If combat encounters were quicker it might make a difference. But even simple encounters were chewing up a full hour. (By way of contrast, the amount of time it took to resolve a straight-forward GW encounter with 6 monsters was equivalent to the amount of time that it recently took my 3E group to resolve a combat involving two different groups of PCs and a mixed assault group of 20 monsters.)

  5. Quirky DM says:

    Just found this site after Gnome Stew referenced it and I am loving it. I played 2 sessions of Gamma World and had similar thoughts as you did. Plus, I experimented with my own decks, so I’ll add my thoughts on that.

    Your own Alpha deck is a good way to customize your character to add another dimension or specialty. For instance, my hypercognitive stacked his deck with things like super genius, hyper reflexes and robot control to indicate his intelligence and ability to quickly process info. Another character wanted to have a time travel aspect to him, even though it’s not part of his origins, and took powers that dealt with that. Another one took healing and defense powers so he could be a defender. It gives you a way to reduce some randomness and focus your character a little more on what you’d like. Plus, your unfamiliarity with the cards goes away quickly since you made your deck.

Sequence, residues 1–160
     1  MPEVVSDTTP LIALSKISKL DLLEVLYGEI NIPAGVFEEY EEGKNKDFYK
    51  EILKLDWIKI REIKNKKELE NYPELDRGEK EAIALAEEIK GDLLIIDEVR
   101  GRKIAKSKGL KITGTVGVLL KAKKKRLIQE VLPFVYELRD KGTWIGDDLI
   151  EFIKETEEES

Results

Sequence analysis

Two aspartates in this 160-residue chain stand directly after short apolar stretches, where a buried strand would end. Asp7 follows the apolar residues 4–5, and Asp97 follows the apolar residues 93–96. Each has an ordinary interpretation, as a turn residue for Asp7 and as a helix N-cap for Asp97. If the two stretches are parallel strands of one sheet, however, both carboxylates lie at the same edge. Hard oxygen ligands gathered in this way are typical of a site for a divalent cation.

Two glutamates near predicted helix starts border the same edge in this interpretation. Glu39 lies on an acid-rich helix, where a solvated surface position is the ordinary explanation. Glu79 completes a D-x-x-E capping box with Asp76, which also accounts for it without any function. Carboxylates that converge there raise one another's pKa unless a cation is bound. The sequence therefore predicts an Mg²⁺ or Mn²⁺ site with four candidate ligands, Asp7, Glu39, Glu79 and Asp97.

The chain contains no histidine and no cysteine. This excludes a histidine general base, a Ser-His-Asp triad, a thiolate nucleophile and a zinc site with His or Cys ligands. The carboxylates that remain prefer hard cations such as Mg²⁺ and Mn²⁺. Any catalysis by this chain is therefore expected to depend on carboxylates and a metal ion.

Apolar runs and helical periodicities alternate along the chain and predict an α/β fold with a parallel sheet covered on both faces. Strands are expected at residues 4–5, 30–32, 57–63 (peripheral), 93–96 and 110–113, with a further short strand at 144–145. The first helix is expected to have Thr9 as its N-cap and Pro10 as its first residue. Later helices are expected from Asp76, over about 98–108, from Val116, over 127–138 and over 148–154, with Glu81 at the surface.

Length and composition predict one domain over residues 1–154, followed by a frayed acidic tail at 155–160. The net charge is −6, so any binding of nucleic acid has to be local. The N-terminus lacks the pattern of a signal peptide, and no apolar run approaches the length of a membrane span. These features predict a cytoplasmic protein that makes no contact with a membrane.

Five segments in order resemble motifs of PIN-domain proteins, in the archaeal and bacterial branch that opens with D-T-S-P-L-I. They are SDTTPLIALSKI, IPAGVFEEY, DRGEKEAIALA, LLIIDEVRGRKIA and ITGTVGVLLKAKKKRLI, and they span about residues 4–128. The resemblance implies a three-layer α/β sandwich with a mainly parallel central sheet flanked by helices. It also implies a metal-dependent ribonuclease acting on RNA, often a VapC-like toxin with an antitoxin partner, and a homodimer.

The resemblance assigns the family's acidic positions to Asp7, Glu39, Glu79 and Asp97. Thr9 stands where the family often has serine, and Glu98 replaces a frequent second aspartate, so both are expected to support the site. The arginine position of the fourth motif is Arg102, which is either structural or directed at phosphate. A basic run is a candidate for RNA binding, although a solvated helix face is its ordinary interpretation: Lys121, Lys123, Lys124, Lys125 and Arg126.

Your own Omega deck is like giving your DM a magic item wishlist. You only get to use your Omega deck 50% of the time, so you don’t always get your wishlist anyway. On the one hand, I don’t like the wishlist. On the other hand, getting random tech all the time had us stack up a lot of useless items that we didn’t want and I sort of wished I had a little more say in it.

    We played level 5 characters for our second session. We had a few more powers and 2 Alpha mutations per encounter. (we chose one random and one from our own decks each time) Combat started to noticeably slow down. Between the glut of Omega Tech and handling even more powers that would swap out, the chaos increased and made things that much harder to handle.

    Last point, Gamma World is tough and it’s fair to warn players about that. But to promote a theme of constant death and the need to have more than one character available in a night- that’s morose. When you’re presented with a ruleset that says you’re probably going to die, you sort of accept it when it’s going to happen instead of looking for ways to prevent it. If one of the characters went down, the rest of the apathetic party just shrugged their shoulders instead of trying to save their friend. It’s this attitude, an attitude they’ve injected straight into rulebook, that makes this a one night beer and pretzels game instead of something that I’d want to play on a regular basis.

    Overall, I did enjoy the game. The character creation and personalized alpha mutation decks are good. But if I want fast character creation AND a good game experience, I think there’s better options. I’m trying Dragon Age next and we’ll see how that goes.